January 1, 2023

Samantha Seligman is the artist behind the popular pottery workshop Settle Ceramics. She believes in making objects that mean something: vessels that will be used and loved for generations. “In a world where so many things are disposable,” says Samantha, “my ceramics are handmade with the intent that they will become a steady favorite and that you will enjoy them everyday, for a lifetime.” Her shop, Settle Ceramics, is “dedicated to making the everyday beautiful for your kitchen and home,” with each object made with an eye toward becoming cherished family heirlooms. All of Samantha’s pieces are hand-thrown and glazed with care.

A woman in a beanie and black sweater sits in a pottery studio, holding a mug, with shelves of pottery and a wheel nearby.

1. Tell us about a work of art you feel is woefully misunderstood or underappreciated.

I always come back to ancient pottery. Shards and full pots have such a history of use that we will never fully know. Nor will we ever know—for the most part—who made these pots, what that artist had in mind when they created the thing, and how we as future people may take the intent behind a piece of pottery for granted. I could go down a black hole of thought about this.

2. You have a BFA in Painting and Photography, but you work in ceramics. Why did you switch?

The long and the short is, I had a free elective and I’d always wanted to work on the wheel. I was in art school, and I just wanted to try everything. I was in a bookbinding club and a knitting circle—because I also had a huge interest in fibers. My first love has always been photography, but I had no desire to work as a wedding photographer to make money. And I’ll be honest: I don’t think I could have made it as a painter. Pottery seemed simpler in the way of making something someone might need in their daily life, while still informing yourself and your vision for the piece. I could part with work more easily, and I can make a living.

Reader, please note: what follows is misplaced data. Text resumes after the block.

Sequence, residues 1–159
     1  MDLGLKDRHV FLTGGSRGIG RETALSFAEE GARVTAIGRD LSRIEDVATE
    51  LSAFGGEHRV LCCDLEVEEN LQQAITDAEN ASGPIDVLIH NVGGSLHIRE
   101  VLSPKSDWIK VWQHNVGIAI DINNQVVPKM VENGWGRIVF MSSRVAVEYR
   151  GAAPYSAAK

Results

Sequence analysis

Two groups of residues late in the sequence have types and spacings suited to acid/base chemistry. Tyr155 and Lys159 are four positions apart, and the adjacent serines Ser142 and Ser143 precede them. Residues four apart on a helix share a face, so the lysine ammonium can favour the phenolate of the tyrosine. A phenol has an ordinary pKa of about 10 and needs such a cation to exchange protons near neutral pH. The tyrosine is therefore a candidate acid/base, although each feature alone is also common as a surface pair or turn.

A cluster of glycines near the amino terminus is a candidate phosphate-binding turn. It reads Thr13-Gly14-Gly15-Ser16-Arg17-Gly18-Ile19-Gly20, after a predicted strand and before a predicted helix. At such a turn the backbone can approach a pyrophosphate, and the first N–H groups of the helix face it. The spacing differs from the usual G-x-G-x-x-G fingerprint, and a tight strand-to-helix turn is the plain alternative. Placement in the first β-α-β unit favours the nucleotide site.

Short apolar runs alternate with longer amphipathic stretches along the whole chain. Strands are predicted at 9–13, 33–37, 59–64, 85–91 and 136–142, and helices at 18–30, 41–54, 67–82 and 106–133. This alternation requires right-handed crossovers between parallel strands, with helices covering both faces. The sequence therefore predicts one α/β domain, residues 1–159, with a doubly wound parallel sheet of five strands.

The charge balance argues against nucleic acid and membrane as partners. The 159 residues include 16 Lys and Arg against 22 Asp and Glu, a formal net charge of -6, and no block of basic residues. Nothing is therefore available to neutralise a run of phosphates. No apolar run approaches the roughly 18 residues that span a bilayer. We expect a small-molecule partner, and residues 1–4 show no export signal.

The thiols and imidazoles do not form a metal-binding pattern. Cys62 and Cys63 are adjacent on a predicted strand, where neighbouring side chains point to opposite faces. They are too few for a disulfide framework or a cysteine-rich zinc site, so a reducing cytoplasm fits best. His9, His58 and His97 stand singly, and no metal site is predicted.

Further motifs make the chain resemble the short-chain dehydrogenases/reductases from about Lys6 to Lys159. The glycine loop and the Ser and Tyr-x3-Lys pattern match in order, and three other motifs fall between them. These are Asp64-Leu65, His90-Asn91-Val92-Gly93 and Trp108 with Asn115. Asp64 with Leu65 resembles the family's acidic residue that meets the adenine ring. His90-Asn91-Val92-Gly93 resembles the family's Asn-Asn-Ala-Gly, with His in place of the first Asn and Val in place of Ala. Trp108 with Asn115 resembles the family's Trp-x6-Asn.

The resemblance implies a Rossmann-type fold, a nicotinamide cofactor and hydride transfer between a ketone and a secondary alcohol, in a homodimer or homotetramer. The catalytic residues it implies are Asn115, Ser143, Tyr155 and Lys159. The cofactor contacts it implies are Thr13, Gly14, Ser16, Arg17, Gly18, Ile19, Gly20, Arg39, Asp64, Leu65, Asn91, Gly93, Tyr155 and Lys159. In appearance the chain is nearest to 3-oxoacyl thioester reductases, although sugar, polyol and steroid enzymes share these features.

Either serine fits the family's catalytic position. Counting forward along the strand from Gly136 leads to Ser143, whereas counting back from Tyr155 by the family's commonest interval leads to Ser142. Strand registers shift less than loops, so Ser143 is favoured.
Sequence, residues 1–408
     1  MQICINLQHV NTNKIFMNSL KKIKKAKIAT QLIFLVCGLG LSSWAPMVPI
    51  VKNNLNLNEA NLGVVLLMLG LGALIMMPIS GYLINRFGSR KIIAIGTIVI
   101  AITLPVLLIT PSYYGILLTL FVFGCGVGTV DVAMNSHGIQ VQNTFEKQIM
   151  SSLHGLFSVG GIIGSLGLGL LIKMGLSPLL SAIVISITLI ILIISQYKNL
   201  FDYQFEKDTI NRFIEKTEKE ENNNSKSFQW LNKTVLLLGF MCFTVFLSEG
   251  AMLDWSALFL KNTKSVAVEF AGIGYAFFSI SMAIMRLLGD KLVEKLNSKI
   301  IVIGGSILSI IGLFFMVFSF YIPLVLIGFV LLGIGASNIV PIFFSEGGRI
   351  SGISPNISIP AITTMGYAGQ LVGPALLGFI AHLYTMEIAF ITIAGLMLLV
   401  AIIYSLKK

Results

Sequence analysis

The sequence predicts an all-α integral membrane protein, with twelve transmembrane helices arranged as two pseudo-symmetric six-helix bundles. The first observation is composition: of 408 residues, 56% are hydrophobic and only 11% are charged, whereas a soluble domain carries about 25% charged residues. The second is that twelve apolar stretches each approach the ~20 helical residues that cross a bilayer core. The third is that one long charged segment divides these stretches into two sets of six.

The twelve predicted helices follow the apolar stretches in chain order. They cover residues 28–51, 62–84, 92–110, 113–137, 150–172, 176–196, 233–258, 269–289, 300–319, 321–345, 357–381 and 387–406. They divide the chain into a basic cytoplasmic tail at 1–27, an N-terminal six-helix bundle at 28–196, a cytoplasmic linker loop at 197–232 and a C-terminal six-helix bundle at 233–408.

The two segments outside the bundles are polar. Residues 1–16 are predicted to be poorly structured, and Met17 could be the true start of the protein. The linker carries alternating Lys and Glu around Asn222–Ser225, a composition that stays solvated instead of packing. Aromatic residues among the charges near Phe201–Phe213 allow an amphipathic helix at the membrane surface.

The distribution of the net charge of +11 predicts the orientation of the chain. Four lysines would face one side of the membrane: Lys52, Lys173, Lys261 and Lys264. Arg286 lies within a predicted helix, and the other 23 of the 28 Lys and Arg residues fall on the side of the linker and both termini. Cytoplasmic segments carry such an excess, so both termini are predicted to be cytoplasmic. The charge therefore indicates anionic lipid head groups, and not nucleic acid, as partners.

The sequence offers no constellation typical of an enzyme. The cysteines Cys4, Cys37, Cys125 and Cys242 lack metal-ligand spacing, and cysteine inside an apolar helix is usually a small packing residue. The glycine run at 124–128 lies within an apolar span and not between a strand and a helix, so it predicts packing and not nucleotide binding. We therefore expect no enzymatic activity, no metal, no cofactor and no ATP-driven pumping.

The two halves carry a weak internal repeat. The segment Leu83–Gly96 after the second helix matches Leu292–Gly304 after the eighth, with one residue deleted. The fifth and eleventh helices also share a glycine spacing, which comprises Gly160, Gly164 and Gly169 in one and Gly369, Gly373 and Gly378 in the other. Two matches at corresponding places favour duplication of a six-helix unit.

3. What do you love to see in a piece of pottery?

Thought. That goes for both functional work and sculpture: I want to see the intent of the maker in the work—in the form and the treatment of the surface. I mix all of my own glazes, and I try to be very thoughtful in my choices of color and texture for my functional work. I think you should be able to see the artist’s intent on the piece.

4. You believe in making objects “that mean something.” How do you make a ceramic piece mean something?

Well, we could get philosophical and say “What is the meaning of meaning?” But mostly I look at it as how an item can become important to someone. I have very strong sense-memory. I see an old mug in my mom’s kitchen, and it brings me back to a time when my grandmother made me hot cocoa with tiny marshmallows in that particular mug. I want my work to evoke that feeling, to become entwined and imbued with memory.

5. What would you say to someone who’s thinking about a career in art but is afraid to make the leap?

Start slow. There’s no rush. Take your time to make mistakes. Learn from as many different people as you can. I still take workshops and classes; in fact, I try to take one at least once a year. Once you stop learning, you stop growing. Always be open to a new point of view!

6. What’s the secret to successfully throwing pottery on a wheel?

Practice. Time and Practice. Don’t get attached. If you made it once, you can make it again.

7. How do you take your whiskey?

With hot apple cider!

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